From reading views online, in conversations with friends, with family members, and the media in general how does the world view you when you’re dating:
 An African American Woman?
 A Hispanic Woman?
 A White Woman?
 An Asian Woman?

The world likely thinks I'm supposed to be dating an African-American woman.

The world probably assumes that since we're both considered minorities, that a Black man and a Latino woman are an appropriate enough couple and will have pretty kids or some such nonsense.

The world would likely be suspicious of why a Black man and a White woman are together, how we found each other, how our relationship came to be, etc. It is probably slightly more acceptable if a Black woman is dating a White man, but the reverse continues to be met with scrutiny and suspicion to this day, no matter what people say. I'm personally all for interracial dating.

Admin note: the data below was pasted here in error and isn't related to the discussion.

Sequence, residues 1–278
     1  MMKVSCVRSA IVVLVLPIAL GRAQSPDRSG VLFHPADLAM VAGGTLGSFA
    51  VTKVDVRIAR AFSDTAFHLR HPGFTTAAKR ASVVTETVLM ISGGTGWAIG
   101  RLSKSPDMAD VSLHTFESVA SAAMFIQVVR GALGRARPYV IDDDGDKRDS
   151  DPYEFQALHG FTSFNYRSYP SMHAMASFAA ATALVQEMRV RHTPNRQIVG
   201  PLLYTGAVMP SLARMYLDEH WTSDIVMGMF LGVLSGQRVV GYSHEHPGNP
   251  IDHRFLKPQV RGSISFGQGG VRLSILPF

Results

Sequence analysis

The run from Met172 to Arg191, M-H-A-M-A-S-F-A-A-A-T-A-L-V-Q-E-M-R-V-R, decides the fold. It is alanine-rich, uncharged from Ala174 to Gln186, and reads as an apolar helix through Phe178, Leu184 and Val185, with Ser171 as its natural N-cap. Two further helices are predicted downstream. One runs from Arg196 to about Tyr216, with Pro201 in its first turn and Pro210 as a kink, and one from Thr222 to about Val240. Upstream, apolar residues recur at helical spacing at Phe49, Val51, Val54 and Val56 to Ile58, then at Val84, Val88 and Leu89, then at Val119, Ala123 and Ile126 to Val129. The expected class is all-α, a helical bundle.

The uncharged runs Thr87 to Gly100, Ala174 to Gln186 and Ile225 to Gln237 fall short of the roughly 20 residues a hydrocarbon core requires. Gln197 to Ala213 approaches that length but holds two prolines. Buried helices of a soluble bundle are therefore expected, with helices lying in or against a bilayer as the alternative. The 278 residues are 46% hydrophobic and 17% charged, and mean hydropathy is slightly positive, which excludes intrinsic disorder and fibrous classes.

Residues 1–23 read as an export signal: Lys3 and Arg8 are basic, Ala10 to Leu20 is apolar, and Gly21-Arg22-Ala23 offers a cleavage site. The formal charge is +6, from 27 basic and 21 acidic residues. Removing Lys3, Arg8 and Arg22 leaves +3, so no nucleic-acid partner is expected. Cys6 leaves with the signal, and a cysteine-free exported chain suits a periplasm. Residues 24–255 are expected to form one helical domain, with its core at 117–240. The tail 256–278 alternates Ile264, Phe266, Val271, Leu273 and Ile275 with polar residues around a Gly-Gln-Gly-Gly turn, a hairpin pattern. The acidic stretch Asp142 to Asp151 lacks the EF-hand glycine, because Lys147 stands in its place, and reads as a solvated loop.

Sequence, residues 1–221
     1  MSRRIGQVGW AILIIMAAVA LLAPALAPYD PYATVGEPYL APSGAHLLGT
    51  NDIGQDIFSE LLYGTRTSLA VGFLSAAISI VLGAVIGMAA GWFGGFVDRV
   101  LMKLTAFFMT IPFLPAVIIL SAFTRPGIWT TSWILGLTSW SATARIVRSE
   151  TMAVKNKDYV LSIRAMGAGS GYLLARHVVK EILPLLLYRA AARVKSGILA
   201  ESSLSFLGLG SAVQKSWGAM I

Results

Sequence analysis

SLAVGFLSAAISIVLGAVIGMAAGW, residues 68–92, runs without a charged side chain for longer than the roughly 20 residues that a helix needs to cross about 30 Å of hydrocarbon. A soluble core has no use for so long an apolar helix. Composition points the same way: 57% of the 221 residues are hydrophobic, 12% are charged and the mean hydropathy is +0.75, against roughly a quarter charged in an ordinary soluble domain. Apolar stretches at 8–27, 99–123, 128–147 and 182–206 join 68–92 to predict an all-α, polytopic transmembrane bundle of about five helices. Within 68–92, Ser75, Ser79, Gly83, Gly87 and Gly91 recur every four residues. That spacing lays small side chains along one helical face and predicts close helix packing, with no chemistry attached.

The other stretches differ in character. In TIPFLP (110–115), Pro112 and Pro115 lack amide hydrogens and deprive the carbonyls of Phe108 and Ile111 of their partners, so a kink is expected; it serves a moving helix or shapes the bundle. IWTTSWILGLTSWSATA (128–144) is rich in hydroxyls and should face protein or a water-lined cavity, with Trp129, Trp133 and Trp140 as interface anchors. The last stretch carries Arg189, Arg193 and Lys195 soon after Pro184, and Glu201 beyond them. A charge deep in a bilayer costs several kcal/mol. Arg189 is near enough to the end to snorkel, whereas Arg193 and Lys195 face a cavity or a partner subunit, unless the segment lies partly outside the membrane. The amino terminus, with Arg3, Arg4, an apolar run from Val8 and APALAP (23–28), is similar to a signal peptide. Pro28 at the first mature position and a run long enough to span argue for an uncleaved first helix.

I've actually witnessed Asian women dating Black men and vise versa. It's weird, but I always appreciate seeing the site since statistically speaking, it is one of the rarest forms of interracial coupling (the rarest being an Asian man and a Black woman). 

The world as a whole might not see it as a bad thing, although within the respective communities, it might be frowned upon or at least met with criticism. However, the most controversial of interractial pairings will always be a Black man and a White woman. Sad, but true.

A couple months ago asked several people what their perspectives of black love is. Many of them either said black love doesn’t exist or didn’t have an answer. Do you believe in black love? Why?